What has been called AirLand Battle and then Full Spectrum Operations has become Unified Land Operations (ULO) to better prepare the American forces that have allegedly been mired in unconventional operations for so long they have lost their conventional edge. From a Third Generation perspective, this is true. Both Bill Lind and I agree that excepting naval operations in WWII, especially in the Pacific Theater of Operations, no maneuver concept at the strategic level occurred despite protestation to the contrary. During the entirety of the conflict in WWII, four-fifths of all German Order of Battle was oriented against the main enemy in the East, the USSR.

The American armed forces have been a Second Generation conceptual war machine since the American Civil War, and not much has changed. I was raised on the FM 7-8 Infantry Squad and Platoon, which was replaced by an even bigger manual in the 21st century. A casual observer of the fight in the Middle East in this century by American arms would suggest that the printing presses should stop publishing such nonsense and simply issue a laminated 3×5 card to every infantryman that reads simply Call for Fire.

There is very little grasp or leveraging of light infantry maneuver and the application of the indirect approach except for the ubiquitous applications of thousands of rounds of munitions to eliminate one human threat. The Taliban and the Haqqani Network and hundreds of resistance organizations scattered throughout Afghanistan have thrived and multiplied under the debt carpet-bombing of trillions by the Western military industrial complex to crush a rebellion that is still alive and well. Exhibit A is the evaporation of the very expensive post Hussein Iraqi army at the hands of the road-borne light infantry threat of the IS or ISIL. In itself, an unexpected send order effect of arming and training guerrillas to harry the Syrian dictator. A dozen years and trillions of dollars in American mentorship, and the vaunted Iraqi army folds under the slightest pressure as it is hollowed out by irregular Fourth Generation forces.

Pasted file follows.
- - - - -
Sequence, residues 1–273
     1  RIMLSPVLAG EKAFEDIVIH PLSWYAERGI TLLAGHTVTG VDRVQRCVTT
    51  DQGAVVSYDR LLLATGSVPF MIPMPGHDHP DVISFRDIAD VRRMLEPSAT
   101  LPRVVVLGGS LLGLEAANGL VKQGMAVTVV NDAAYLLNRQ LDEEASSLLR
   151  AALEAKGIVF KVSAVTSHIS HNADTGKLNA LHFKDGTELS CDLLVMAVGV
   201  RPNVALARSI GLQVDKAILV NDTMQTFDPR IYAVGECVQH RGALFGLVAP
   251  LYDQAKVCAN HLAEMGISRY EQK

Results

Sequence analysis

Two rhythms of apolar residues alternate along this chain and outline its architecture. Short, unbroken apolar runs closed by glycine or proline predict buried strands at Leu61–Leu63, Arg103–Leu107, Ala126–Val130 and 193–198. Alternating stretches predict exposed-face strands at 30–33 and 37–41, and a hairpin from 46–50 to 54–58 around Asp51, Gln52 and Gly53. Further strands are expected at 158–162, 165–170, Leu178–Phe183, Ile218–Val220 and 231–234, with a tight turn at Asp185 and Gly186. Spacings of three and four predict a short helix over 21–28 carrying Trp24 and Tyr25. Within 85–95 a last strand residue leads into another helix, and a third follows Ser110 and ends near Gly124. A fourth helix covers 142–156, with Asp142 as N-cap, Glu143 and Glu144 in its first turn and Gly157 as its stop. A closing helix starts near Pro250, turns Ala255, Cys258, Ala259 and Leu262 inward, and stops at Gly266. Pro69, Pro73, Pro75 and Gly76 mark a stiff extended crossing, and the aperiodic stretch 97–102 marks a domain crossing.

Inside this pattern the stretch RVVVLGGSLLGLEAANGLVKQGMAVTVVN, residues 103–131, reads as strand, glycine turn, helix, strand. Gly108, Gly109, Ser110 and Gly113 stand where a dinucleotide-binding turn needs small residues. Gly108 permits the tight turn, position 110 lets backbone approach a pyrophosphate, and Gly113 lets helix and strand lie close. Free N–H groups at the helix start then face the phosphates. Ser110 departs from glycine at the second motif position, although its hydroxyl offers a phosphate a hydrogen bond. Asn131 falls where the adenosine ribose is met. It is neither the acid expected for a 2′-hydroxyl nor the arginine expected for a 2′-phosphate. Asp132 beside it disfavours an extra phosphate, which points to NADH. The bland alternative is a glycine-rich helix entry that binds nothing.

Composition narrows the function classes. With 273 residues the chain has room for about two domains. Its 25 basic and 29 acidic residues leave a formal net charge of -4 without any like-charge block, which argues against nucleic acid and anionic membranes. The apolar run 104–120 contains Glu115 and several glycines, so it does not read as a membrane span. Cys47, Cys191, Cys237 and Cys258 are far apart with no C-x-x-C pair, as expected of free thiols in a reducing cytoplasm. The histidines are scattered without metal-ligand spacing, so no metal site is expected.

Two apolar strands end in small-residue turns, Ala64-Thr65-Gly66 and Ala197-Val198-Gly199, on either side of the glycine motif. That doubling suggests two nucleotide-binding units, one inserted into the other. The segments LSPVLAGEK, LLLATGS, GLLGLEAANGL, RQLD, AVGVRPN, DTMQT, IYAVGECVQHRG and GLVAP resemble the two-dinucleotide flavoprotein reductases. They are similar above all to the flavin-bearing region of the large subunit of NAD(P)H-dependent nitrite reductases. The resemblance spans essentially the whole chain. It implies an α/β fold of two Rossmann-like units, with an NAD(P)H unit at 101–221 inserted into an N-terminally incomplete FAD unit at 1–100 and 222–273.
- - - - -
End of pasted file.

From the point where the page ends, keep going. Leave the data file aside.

As an aside, it would be wrong to assume that these generations of conflict have a sequence of evolution. Can different generations be contemporaneous or occur independent of one another? Of course they can. The historical examples abound. One can surmise that Napoleon was not defeated by Wellington at Waterloo in 1814 in a Second Generation fight without considering the importance of the French and Spanish harrying and raids on Napoleon’s lines of communication throughout the conflict, which significantly weakened what Napoleon could bring to bear in the end at Waterloo. This was most certainly the confluence of Second and Fourth Generation methods that led to wholly unexpected consequences. One can look at the littoral conflict at Bletchley Park trying to break the German Enigma code celebrated in the recent movie on Turing, The Imitation Game.